365 Days of Leadership: Tangible Karma Day

April 4th is Tangible Karma Day: a day to reduce the clutter of your life and repurpose it to benefit others.

The purpose of Tangible Karma Day is for people celebrating the event to de-clutter their lives and to give to other people who are in need. Tangible Karma is a company founded by Amber Nicole Dilger in 2005 and her idea was to recycle and reuse. One way is for individuals or groups to spend an hour of their day de-cluttering their lives and giving any unwanted items to those in need. Similarly, you can invite people to your home and gather together items to give to charity collectively. You can visit their website to donate goods and track how they are used to help others. From this company came the inspiration for Tangible Karma Day. (www.daysoftheyear.com)

The leadership lesson is simple, ones age is not an indicator of value. Cathy Davidson, author of Now You See It: How the Brain Science of Attention Will Transform the Way We Live (2011) states:

Not a single one of these cutting-edge thinkers I found in the work world is a ‘millennial’. All were born considerably before 1985. They may have mastered many of the principles of the digital world, but not because there were born in a particular historical moment. Instead, they saw a need to change. They wanted to change. And they took advantage not just of the Internet as a tool, but of the Internet as an opportunity think about working together differently and better” (Davison 2011, p.243).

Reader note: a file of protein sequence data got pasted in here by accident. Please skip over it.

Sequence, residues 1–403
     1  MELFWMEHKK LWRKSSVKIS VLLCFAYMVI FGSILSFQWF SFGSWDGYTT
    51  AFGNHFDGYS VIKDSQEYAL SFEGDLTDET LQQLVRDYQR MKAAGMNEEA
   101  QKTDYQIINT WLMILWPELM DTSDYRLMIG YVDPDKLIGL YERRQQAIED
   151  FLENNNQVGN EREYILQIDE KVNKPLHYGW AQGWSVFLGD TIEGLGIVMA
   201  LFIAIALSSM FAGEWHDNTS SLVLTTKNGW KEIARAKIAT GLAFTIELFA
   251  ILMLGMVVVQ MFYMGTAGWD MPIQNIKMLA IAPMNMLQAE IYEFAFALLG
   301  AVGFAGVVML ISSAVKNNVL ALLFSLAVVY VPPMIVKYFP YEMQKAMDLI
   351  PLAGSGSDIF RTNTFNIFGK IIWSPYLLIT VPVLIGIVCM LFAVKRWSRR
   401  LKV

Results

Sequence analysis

The age of a leader is not as important as the value of the program being executed. An eight year old collecting money to purchase a bullet proof vest for a canine officer is as valid as a 55 year old leader who donates her salary to charity as a means of corporate social responsibility. It is the willingness of a leader to make room for differences, to de-clutter their thinking and make way for new ideas. Leaders must adapt to stay relevant or find themselves re-purposed.



Reference: Davidson, C. N. (2011). Now you see it: How the brain science of attention will transform the way we live. New York: Penguin Books.

Connie Hanner is a “vintage” PhD student in non-profit organizational leadership and a veteran of both non-profit and for-profit organizations. Visit her leadership website at http://www.conniehanner.com. Find her on Face Book, Linked In and follow her on Twitter.

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